The ‘Drinkable Book’ Can Save Lives & Provide Purified Water for Years

This book has tear-out pages that can be used to filter out 99.9% of bacteria and can provide a person with four years-worth of clean water.

Selected quote:

The Drinkable Book is more than just a book – it is an educational manual that teaches the importance of water filtration and the fundamentals of keeping a clean water source.  It is also a filtration tool.  Each page of the book doubles as a water filter that is capable of killing the bacteria that cause deadly diseases.  Water that is filtered through the paper has a bacteria count reduction of 99.9%, making the filtered water comparable to tap water in the United States.




Plant-e: living plants generate electricity

Pretty cool. I hope they continue to develop this technology. Imagine living off the grid by powering your home with the plants you eat.




Bee activists swarm Home Depot and Lowe’s

Speaking of bees, Lowes and Home Depot continue to sell pesticides that have been proven to kill bees – and they’ve known it for at least many months. This situation is now escalating.

Quote from the article:

Petitions with thousands of signatures are being delivered to the home-improvement retailers this week, demanding they stop selling the pesticides—called neonicotinoids—along with any plants in the stores that have been treated with them. Neonicotinoids are the most widely used class of pesticides in the world.

The declining bee population is one of the biggest threats we face today. If bees continue to die, we will very quickly run into a very bad food shortage that will cripple our economy.




41 Camping Hacks That Are Borderline Genius

There were actually a couple of new ones in here. A couple stupid ones too, like the Mountain Dew light thing that hasn’t worked for years. Great for a quick read though.

Here’s a sample of one of their hacks:

Put headlamp on gallon jug for light when camping

I haven’t tried the one in the pic but it seems feasible. I do always have a headlamp in my toiletry kit. I bought the Petzl E02 P2 e+LITE several years ago when I deployed to Iraq. It’s super convenient when you’re setting up a camp. Next time I go camping though, I’m gonna try it.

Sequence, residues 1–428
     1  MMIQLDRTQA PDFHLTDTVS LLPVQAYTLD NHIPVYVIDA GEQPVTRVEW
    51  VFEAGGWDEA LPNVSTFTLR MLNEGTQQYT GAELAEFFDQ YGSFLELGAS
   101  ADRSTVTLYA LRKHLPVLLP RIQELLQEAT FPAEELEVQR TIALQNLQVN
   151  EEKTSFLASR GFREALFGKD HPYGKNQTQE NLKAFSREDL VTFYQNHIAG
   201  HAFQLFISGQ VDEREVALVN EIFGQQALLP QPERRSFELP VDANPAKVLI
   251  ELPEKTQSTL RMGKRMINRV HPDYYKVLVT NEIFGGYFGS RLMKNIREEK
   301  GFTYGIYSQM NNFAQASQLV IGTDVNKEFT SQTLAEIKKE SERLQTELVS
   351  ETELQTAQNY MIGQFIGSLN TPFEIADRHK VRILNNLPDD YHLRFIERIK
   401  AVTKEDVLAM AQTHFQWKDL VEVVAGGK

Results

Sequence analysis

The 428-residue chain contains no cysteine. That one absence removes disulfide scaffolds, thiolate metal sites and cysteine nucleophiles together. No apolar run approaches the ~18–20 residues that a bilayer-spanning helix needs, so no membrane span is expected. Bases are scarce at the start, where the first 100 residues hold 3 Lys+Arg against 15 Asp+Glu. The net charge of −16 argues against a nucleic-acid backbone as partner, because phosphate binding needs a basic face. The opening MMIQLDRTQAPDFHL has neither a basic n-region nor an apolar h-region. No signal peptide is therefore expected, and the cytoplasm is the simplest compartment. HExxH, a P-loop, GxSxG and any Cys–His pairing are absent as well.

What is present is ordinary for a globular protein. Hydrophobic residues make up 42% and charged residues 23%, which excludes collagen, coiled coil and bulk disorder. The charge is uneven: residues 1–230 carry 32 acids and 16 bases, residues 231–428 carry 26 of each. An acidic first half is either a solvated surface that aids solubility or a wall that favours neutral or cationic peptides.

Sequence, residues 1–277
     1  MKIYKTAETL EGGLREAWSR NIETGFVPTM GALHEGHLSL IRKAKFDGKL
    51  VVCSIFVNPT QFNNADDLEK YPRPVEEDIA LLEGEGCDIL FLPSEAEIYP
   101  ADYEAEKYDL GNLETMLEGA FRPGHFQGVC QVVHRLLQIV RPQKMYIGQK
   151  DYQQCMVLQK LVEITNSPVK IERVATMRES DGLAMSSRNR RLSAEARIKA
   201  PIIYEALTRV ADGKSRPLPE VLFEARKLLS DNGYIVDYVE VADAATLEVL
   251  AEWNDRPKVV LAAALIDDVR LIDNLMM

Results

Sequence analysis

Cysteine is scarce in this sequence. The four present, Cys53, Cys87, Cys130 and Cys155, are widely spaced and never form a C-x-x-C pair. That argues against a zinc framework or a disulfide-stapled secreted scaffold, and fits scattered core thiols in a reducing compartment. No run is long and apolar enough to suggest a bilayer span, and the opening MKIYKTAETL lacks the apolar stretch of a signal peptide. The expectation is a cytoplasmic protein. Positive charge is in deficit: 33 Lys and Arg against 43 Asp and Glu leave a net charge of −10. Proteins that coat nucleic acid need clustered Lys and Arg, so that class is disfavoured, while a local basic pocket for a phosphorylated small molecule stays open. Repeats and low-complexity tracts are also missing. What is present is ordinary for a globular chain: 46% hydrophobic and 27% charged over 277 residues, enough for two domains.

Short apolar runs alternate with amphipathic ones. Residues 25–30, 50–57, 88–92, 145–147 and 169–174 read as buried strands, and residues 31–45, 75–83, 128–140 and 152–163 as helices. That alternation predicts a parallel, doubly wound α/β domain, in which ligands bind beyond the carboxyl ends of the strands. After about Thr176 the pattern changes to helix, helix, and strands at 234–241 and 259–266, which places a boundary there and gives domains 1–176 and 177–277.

In my home state of AZ, the governor has signed legislation to have materials prepared telling citizens what we need to know about the possibility of the power grid being taken down by EMP or other reasons. EMP is another serious threat (in addition to losing our bees). It may not be as impending as the bee crises, but it will happen at some point, and it might actually happen any day.
The legislation, SB 1476, was introduced by Sen. David Farnsworth, R-Mesa. It includes the type and quantity of food, water and medical supplies that each person should stockpile in case an EMP occurs over the U.S.
Since you guys seem to really like fiction, I’d suggest picking up a copy of EMP: Equipping Modern Patriots: With a Story of Survival. It’s written by a former SERE instructor and is getting some pretty awesome reviews. I read One Second After a while back and it really put me in the right mind to think about how I’d go about dealing with these situations. Hey, I just had an idea for a great post I’ll have to do soon – using fiction to help with your prepping!

The Zombie Protection Store!

Finally! Amazon is starting to get the idea that preppers are a force to contend with. They now have an entire section of camping and tactical stuff, all in one place, even if it is actually targeting the zombie phenomenon. Don’t get me wrong, it’s kinda fun to ‘what if’ scenarios using a zombie apocalypse but some people are a bit silly with it. There are quite a few useful items in this section though.




Well, that’s all for this time. If this post turns out to be popular, I’ll do this more often. Please just comment below about what you thought about it.


About graywolfsurvival.com

I am a former federal agent and military veteran who has deployed to combat theaters in Africa, Iraq and Afghanistan and have almost three decades of military and military contracting experience.

My goal is to help families to understand how to intelligently protect their family and their way of life against real threats, without all the end-of-the-world doomsday crap.


  1. Melanie says

    I enjoyed this roundup, and would like to see more posts like this. Thanks!

    • graywolfsurvival says

      Thanks. I didn’t start keeping track until mid-week so I should have a better list if I do this again.

  2. I like the link round-up!

    Looks like the LifeSaver Bottle filters down to 0.015 microns (best), the Sawyer system to to 0.1 microns, and LifeStraw to 0.2 microns (worst).

    LifeSaver Bottle is by far the most expensive ($214), Sawyer the next most expensive ($20.78) and LifeStraw cheapest ($19.99).

    Sawyer has by far the longest filter life (100,000 gallons), followed by LifeSaver Bottle (6,000 liters), with LifeStraw coming in last (1,000 liters).

    Without having actually tried them, I’d say Sawyer is probably the best bet, but it might not be a bad idea to get the LifeSaver bottle if you’ve got money to blow and you’re worried about viruses and smaller bacteria (depends a lot on what’s endemic to your region, how your immune system is, if you have really old/young/vulnerable family members, etc.)

  3. Patrick Blair says

    HAD to do this after watching that video!